Asee peer logo

Same Intervention, Different Effect: A Comparison Of The Impact Of Portfolio Creation On Students’ Professional Development

Download Paper |

Conference

2007 Annual Conference & Exposition

Location

Honolulu, Hawaii

Publication Date

June 24, 2007

Start Date

June 24, 2007

End Date

June 27, 2007

ISSN

2153-5965

Conference Session

Approaches to Learning Outcomes Assessment in Liberal Education

Tagged Division

Liberal Education

Page Count

13

Page Numbers

12.1254.1 - 12.1254.13

Permanent URL

https://peer.asee.org/2753

Download Count

32

Request a correction

Paper Authors

author page

Zhiwei Guan University of Washington

author page

Jennifer Turns University of Washington

Download Paper |

Abstract
NOTE: The first page of text has been automatically extracted and included below in lieu of an abstract

Same Intervention, Different Effect: A Comparison of the Impact of Portfolio Creation on Students’ Professional Development Paul:…I mean it's one of those things where helped me, or like I wouldn't say I enjoyed [the classroom portion of the course], but I understand it and I understand like why it had to happen, basically, and the portfolio kind of helped me understand that.

Ned:…I can't believe they're going to make us do [the portfolio]. It's a waste of time. I don't want to do it. That's what I first thought. ….it wasn't something I was looking forward to. But actually I would say it was the least -- it was the least wasteful thing of the course, of the entire course.

Danielle:…I think for this particular class it wasn't -- like it didn't really cause me to like learn anything new. But I think -- I think in some other, some harder classes, like it would cause me to go back and review all the things that you didn't understand and try to make them all fit together.

Introduction

Engineering students need to not only gain the knowledge and skills necessary for engineering practice, but also an understanding of how this knowledge and these skills fit together and support engineering work. It is therefore important for the engineering education community to design curricular materials that help students with these goals.

One such curricular intervention is a professional portfolio. A portfolio is a purposeful collection of student work that tells the story of the student’s efforts, progress, or achievement in a given area. Portfolio construction aligns well with the properties of an effective learning environment (i.e., it is concurrently learner-centered, knowledge- centered, assessment-centered, community-centered, and context-centered), and thus represents a promising strategy for promoting knowledge integration and professional development. We define a course-specific professional portfolio as a portfolio in which a student makes claims about his/her preparedness for professional practice and supports the claims through artifacts drawn from a single course. We believe that having students create such portfolios represents a promising practice for helping students consolidate their knowledge and reflect on the connection of this knowledge to engineering practice.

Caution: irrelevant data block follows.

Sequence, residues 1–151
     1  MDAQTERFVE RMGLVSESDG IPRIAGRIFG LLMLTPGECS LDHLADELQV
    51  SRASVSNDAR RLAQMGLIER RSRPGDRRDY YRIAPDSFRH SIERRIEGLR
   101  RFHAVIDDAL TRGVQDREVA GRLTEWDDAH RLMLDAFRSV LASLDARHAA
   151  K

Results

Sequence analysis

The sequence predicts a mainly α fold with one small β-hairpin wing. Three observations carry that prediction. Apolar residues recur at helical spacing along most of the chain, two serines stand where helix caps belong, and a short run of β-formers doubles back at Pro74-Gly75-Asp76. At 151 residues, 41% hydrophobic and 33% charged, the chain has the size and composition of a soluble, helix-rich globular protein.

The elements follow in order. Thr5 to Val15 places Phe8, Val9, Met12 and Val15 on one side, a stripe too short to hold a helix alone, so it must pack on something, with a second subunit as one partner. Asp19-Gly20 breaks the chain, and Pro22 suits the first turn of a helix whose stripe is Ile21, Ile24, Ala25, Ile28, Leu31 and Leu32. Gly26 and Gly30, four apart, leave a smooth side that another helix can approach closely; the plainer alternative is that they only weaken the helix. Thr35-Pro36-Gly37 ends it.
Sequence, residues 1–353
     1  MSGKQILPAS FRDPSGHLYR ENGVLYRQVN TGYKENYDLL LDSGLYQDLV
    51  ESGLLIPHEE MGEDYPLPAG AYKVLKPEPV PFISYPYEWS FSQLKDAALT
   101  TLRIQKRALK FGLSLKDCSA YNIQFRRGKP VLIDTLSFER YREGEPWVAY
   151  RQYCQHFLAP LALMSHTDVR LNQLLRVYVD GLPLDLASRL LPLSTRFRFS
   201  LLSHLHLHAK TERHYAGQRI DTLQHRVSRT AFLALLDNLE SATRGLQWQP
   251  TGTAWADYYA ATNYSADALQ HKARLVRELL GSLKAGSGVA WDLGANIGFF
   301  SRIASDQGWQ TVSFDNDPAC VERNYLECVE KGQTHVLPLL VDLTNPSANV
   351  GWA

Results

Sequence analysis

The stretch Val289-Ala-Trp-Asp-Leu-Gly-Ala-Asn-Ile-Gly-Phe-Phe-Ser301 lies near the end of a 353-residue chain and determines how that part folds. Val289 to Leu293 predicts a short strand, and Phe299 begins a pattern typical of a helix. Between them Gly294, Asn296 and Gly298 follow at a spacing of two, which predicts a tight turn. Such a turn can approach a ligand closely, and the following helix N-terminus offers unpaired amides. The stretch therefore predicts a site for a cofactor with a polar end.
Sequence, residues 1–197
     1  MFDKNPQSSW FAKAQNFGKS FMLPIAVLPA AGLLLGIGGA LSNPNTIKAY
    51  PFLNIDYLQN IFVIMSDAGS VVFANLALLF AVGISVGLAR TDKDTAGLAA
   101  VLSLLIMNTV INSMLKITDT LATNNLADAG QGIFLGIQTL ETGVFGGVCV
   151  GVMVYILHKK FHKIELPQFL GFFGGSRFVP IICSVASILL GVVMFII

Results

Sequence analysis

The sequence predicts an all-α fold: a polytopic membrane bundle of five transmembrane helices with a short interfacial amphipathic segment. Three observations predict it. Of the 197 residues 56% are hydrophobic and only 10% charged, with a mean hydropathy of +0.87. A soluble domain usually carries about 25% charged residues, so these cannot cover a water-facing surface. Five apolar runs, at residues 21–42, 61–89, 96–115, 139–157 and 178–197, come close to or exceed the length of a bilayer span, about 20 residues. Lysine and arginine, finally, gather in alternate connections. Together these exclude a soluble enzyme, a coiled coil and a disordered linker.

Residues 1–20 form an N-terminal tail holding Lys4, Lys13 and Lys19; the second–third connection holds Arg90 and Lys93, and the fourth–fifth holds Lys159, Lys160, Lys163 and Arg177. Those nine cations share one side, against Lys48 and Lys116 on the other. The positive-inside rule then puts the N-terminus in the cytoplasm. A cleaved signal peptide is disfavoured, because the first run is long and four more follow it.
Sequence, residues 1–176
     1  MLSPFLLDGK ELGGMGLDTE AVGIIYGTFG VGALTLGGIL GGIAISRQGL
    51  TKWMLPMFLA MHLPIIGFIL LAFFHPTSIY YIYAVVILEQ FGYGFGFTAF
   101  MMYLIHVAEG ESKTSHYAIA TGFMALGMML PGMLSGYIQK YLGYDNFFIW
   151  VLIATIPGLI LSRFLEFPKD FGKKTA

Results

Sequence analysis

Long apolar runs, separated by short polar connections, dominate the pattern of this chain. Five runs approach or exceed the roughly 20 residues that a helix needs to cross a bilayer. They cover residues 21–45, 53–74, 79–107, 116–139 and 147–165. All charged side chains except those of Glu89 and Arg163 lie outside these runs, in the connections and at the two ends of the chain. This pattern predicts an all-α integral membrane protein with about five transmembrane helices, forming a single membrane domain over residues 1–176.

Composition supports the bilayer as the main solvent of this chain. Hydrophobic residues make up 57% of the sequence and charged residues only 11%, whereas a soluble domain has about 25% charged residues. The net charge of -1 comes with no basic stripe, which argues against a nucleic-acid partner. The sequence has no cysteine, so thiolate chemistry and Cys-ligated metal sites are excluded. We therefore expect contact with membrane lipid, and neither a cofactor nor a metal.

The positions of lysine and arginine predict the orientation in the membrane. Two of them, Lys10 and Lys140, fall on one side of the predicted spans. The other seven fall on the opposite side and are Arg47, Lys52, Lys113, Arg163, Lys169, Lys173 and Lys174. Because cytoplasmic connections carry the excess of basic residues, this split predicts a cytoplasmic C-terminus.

In our work, we have been studying the practice of course-specific portfolio construction. To this end, we conducted a study in winter of 2006 in which 35 junior and senior engineering students in a mechanical engineering class (ME 355 Introduction to Manufacturing Processes) were asked to create course-specific professional portfolios. The portfolio had three required components: a statement in the student discussed his/her preparedness, three or more artifacts from the course that supported the claims made in the statement, and annotations for each artifact to explain what the artifact illustrates. Students were instructed that the artifacts for the portfolio might include work created in

Guan, Z., & Turns, J. (2007, June), Same Intervention, Different Effect: A Comparison Of The Impact Of Portfolio Creation On Students’ Professional Development Paper presented at 2007 Annual Conference & Exposition, Honolulu, Hawaii. https://peer.asee.org/2753

ASEE holds the copyright on this document. It may be read by the public free of charge. Authors may archive their work on personal websites or in institutional repositories with the following citation: © 2007 American Society for Engineering Education. Other scholars may excerpt or quote from these materials with the same citation. When excerpting or quoting from Conference Proceedings, authors should, in addition to noting the ASEE copyright, list all the original authors and their institutions and name the host city of the conference. - Last updated April 1, 2015